MARQUETTE–On average, people aren’t getting the necessary amount of sleep each night. Are you a restless sleeper? It could be what you’re eating at night, what screen devices you’re looking at, and the stress of day to day work. Or it could be something more serious, like a sleep disorder such as apnea or narcolepsy.
UP Health System Marquette studies sleep disorders in their 2 sleep labs. Patients are monitored with 32 different sensors and systems including CPAP to analyze sleeping patterns. Jason Hausmann, the manager of the Sleep Labs, says 50 percent of patients in his lab end up being treated for sleep apnea.
“The majority of the patients that we have coming into our sleep lab are coming in for sleep apnea, said Sleep Lab Manager, Jason Hausmann. “We also do get some neurological disorders with people coming in for like narcolepsy, or REM behavior disorder, sleep walking, those types of things. So people that are coming into the sleep lab are usually highly suggestive of having something in general.”
Speaking of illnesses, not getting enough sleep each night can also weaken your immune system. Even for people who don’t have a disorder, getting a good night’s shut eye can be a nuisance.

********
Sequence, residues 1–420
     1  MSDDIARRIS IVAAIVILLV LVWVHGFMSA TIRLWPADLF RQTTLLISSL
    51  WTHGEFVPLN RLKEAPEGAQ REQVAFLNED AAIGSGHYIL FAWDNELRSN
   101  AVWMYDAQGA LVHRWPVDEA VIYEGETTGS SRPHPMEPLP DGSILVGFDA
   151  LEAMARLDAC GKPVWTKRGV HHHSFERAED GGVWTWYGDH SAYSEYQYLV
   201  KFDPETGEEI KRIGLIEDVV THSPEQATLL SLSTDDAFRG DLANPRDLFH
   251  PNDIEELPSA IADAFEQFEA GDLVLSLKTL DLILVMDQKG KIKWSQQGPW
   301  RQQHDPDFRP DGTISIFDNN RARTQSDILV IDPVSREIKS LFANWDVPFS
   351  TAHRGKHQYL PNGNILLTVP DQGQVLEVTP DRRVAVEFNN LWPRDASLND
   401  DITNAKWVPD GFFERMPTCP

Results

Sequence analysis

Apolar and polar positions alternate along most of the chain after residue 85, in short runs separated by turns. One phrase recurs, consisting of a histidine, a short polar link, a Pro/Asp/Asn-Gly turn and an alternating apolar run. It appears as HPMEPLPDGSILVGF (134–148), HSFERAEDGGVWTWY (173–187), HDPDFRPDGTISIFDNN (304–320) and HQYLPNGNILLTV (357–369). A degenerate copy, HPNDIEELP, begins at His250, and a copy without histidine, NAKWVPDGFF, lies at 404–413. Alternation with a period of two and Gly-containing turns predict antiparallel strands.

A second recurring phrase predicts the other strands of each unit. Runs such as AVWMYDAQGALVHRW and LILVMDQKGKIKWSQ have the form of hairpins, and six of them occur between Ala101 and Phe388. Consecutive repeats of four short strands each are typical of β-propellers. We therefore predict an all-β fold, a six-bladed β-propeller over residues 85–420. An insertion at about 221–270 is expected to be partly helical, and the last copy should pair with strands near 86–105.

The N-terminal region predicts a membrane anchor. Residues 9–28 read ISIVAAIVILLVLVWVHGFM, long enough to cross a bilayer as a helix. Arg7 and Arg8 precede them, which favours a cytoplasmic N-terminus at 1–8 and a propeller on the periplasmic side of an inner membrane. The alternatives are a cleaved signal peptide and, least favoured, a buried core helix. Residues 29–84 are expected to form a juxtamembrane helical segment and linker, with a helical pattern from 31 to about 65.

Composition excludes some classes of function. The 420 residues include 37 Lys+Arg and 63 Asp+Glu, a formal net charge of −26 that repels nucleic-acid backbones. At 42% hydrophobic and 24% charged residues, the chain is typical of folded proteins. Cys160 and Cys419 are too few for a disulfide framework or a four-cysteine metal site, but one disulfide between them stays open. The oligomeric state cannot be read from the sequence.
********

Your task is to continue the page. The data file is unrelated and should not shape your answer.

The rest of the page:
“For people that have difficulties sleeping, have some insomnia, where it takes them awhile, improving your sleep hygiene, which is the timeframe you take before bed, can greatly improve your sleep. So, trying not to eat within a couple hours of bed, trying not to exercise, try not to do anything that involves a lot of bright lights – phones, electronic devices before bedtime can also interfere with the way you sleep.”
Hausmann explained that sleep occurs in four cycles, with us drifting into REM sleep 35 minutes in. So why is so difficult for many people to reach that stage compared to others? Hausmann says everyone is unique, and require different hours of sleep, especially when it comes to our busy work schedules.
“The number one cause of people not getting enough sleep, is just not dedicating enough time to get the sleep. So, typically they recommend getting between 7 and 8 hours for a typical adult individual. A lot of times, it’s just with our busy lives people aren’t having that amount of time to just try to sleep.”
So if you’re one of those people that toss and turn in bed every night, it might be a good idea to pay more attention to what you’re eating every night, what devices you’re using just before bed, and don’t worry too much about the day ahead.